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Multi-meter? Moar liek MELTY-METER, amirite?? - Adventures in Engineering
The wanderings of a modern ronin.

Ben Cantrick
  Date: 2013-01-30 23:03
  Subject:   Multi-meter? Moar liek MELTY-METER, amirite??
  Music:KMFDM - Power
  Tags:  fail, failure as an electronics technician, smells like victory, the smell of burning polystyrene
Oh the lulz...

One our our techs at work was tasked with repairing and testing a very large (1,000 W) power supply unit. Meet the Sorensen DCS 20-50:

The front panel

From the side

Notice the enormous transformer center-bottom. That part alone weighs about 60 lbs. All told the PSU weighs maybe 90 lbs. The pictures don't do it justice, imagine it 20% larger than it looks here.

Never let the magic smoke out

His first idea was to run 5 amps through this little 28 gauge clip lead. Poor thing, it didn't stand a chance...

Second attempt - meter is measuring amps

He got smarter(?) the second time. Using a 0.5 ohm, 225 watt power resistor. Judging by the meters on the front of the supply, we have ~20A @ ~11V for a total of ~220 watts. (Less than a fourth of the unit's rated maximum...)

Unfortunately, he also wanted to watch the current in real time, and so left his meter hooked up in series with the power resistor!

Kids, your meters are not supposed to be able to run 20A continuous! They're only supposed to handle that kind of current for about 60 seconds, at most. He plugged the meter in, turned the PSU up to 11, and then just walked away... for half an hour! ("Need to do a proper load test.") When he came back, the smell of burning plastic was in the air and the meter had shut itself off in an attempt to stop the thermal overload...


Is that the outline of an HRC fuse melted into the back of the meter?! ;D

Open the meter up

Sure enough, the HRC fuse has melted itself several millimeters into the back casing!

Pry fuse off with screwdriver

"No serious damage." (!!!!)

Hm, that mA/Cx socket doesn't look so good...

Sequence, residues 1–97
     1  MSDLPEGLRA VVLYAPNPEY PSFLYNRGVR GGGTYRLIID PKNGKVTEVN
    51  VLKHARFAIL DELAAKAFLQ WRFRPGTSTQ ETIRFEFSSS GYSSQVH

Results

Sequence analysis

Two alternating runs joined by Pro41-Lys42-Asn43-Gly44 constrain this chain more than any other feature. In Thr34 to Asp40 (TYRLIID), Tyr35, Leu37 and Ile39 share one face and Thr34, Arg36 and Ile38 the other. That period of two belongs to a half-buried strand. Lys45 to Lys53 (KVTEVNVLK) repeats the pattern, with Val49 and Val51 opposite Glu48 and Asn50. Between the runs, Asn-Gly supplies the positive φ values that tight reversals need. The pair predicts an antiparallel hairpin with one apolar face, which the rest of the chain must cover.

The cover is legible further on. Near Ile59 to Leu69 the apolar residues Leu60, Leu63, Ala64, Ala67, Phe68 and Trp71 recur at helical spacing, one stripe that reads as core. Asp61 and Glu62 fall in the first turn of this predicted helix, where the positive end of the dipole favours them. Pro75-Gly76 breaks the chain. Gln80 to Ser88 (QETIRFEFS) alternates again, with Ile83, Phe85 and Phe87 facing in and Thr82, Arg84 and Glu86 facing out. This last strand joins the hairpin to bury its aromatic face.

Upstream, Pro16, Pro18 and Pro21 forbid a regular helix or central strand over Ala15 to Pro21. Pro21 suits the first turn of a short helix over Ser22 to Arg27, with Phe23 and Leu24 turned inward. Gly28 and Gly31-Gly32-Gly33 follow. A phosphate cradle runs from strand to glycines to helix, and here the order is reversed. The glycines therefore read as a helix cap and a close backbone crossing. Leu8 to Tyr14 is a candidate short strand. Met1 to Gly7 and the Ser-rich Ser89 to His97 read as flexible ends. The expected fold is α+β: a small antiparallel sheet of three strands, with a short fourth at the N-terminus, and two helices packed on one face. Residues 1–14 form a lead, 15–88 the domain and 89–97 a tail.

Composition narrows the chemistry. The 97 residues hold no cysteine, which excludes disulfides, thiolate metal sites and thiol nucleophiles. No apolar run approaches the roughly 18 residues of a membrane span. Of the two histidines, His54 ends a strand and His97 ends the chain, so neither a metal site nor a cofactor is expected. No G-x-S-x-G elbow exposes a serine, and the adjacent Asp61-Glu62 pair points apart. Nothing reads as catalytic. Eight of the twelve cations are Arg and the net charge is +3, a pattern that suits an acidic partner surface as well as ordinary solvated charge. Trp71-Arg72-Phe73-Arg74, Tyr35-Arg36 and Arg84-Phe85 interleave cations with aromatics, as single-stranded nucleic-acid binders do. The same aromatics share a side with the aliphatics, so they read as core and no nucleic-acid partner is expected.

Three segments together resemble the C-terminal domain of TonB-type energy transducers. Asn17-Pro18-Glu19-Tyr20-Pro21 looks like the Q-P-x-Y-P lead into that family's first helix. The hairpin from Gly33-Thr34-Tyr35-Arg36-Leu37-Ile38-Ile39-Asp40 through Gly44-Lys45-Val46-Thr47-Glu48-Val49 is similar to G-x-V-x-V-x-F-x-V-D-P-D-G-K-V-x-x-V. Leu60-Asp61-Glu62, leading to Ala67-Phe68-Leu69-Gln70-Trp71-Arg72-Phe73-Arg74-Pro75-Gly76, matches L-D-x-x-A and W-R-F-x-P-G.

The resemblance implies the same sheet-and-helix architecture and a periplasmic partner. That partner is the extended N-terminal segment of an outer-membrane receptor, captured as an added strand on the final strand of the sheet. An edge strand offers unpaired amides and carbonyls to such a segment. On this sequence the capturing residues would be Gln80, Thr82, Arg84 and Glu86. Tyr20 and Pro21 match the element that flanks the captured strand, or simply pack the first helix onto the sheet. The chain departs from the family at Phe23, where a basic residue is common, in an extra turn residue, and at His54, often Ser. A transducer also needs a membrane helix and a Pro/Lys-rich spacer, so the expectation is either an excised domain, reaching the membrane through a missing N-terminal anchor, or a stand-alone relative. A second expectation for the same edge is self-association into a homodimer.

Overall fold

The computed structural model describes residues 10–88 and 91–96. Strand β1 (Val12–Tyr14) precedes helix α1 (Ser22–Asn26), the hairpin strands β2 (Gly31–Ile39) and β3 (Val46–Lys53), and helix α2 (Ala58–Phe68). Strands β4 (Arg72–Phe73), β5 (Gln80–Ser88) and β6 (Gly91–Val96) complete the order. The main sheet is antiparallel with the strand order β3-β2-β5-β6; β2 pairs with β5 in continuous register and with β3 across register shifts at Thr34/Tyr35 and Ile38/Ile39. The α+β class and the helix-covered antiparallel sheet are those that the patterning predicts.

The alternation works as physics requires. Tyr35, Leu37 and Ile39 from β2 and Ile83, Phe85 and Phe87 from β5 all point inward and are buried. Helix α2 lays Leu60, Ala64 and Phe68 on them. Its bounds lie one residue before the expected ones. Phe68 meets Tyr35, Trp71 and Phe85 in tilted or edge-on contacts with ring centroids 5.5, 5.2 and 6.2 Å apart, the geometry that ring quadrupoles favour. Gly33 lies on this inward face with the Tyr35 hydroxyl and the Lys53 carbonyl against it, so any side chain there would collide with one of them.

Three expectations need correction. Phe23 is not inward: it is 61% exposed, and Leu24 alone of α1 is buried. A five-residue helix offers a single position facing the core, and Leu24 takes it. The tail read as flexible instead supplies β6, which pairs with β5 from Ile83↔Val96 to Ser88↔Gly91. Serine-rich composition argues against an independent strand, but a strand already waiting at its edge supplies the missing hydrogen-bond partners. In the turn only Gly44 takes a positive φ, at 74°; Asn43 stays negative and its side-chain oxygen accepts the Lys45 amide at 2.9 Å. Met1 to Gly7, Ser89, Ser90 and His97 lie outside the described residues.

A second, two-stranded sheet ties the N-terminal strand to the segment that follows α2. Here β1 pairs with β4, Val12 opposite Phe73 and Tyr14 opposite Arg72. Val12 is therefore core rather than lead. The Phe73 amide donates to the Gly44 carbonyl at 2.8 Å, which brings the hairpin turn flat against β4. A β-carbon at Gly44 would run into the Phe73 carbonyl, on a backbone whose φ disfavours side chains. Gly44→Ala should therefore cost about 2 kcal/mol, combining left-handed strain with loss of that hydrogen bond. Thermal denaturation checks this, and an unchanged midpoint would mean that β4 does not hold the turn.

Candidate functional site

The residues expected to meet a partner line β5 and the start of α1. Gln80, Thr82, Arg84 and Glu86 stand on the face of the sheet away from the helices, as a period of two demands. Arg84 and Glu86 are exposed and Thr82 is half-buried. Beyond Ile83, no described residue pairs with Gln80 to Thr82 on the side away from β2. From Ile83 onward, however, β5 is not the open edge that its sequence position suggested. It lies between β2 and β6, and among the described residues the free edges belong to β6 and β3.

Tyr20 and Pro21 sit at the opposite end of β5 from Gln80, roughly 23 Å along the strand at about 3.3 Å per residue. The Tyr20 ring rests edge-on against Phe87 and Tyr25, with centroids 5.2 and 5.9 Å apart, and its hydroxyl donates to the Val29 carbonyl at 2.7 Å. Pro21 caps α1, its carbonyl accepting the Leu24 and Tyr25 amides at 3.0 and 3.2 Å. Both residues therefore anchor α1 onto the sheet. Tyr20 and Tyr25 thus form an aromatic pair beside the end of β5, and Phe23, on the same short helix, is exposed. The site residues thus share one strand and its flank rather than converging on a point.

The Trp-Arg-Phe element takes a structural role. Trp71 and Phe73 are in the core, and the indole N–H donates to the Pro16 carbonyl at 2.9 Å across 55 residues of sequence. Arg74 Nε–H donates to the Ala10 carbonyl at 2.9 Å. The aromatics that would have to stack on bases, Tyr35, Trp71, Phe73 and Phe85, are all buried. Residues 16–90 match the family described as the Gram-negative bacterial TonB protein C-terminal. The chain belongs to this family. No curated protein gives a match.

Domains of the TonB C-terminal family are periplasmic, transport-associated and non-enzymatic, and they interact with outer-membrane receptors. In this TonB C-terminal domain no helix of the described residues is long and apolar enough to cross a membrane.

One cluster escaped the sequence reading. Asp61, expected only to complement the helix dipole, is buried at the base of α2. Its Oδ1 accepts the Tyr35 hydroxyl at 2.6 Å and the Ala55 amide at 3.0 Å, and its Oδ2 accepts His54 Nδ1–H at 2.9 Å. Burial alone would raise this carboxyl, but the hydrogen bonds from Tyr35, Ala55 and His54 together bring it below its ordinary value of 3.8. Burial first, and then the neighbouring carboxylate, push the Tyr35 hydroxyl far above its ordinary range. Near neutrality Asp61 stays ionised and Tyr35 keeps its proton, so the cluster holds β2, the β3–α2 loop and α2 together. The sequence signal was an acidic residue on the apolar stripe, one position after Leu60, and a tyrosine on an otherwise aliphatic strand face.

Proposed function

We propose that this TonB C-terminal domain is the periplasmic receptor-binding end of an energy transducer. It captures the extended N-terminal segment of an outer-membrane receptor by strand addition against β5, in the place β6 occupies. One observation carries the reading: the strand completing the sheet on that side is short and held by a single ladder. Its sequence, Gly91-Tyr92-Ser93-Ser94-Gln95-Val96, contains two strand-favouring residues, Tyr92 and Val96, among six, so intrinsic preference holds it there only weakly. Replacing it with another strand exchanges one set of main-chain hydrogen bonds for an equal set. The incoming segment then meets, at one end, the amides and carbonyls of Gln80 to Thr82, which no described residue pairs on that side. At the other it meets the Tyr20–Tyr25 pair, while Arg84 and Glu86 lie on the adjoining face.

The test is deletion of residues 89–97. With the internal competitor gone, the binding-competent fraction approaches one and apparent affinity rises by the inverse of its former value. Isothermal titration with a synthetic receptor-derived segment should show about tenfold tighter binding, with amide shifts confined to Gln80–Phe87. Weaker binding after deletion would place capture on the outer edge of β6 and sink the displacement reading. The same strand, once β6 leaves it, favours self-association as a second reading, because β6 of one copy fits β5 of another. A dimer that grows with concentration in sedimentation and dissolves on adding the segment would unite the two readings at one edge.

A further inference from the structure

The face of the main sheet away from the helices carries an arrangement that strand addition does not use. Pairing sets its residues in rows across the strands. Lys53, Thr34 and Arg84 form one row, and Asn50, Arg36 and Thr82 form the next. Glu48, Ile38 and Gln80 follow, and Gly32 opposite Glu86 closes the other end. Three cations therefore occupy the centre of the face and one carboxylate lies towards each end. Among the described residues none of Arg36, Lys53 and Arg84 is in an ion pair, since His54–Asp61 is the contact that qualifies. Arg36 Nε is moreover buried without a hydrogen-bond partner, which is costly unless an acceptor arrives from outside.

On closer inspection we find the plastic ends of the leads that plug into the meter... have melted onto the inside of the meter!

Oh dear...

Attempts to remove the melted leads were... not entirely successful. ;]

Post-script: A fresh set of leads was plugged into the meter. The prongs that held the HRC fuse inside had melted off the PCB, but aside from the 20A current measurement mode, the meter appears to be working just fine! I tip my hat to you, Wavetek - that is one tough meter!
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Coinneach Fitzpatrick: Feed the kitty
  User: scarybaldguy
  Date: 2013-01-31 06:05 (UTC)
  Subject:   (no subject)
Keyword:Feed the kitty
That'll buff right out.
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Helvetica 'Foofers' Bold: Shiny Bubbles
  User: foofers
  Date: 2013-01-31 06:12 (UTC)
  Subject:   (no subject)
Keyword:Shiny Bubbles
A little WD-40, it'll be good as new.
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  User: mckavian
  Date: 2013-01-31 14:07 (UTC)
  Subject:   (no subject)
Off topic, but could you please put this behind a cut? While interesting, the picture size is throwing off my LJ.
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Ben Cantrick: ronin
  User: mackys
  Date: 2013-01-31 17:20 (UTC)
  Subject:   (no subject)
I should have thought of that.

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Alex Belits: photo-shortest
  User: abelits
  Date: 2013-02-01 03:41 (UTC)
  Subject:   (no subject)
Captain Obvious: What happened to the idea of trusting that big freaking metal wire spiral in a sane temperature range really has constant resistance, and measuring voltage instead of current?
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Ben Cantrick: ronin
  User: mackys
  Date: 2013-02-03 00:56 (UTC)
  Subject:   (no subject)
The tech said that he got pulled away by a customer with a question, and didn't mean to leave the meter inline for that long. He was just going to measure it for one minute at the start of the test, run it for half an hour (without the meter), and then put the meter back in again for one minute at the end of the test to verify the current was still the same.

A likely story!
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May 2015